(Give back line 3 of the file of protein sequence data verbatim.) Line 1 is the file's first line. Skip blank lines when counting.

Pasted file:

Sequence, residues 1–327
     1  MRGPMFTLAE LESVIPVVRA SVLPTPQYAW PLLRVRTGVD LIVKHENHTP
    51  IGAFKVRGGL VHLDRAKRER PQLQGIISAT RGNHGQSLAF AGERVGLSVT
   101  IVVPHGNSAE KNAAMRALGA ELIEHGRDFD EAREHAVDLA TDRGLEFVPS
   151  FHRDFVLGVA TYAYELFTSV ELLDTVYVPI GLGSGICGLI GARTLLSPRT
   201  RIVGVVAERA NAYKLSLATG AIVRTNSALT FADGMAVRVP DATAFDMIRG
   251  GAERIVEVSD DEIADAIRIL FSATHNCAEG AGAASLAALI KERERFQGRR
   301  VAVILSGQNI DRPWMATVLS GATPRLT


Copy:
    51  IGAFKVRGGL VHLDRAKRER PQLQGIISAT RGNHGQSLAF AGERVGLSVT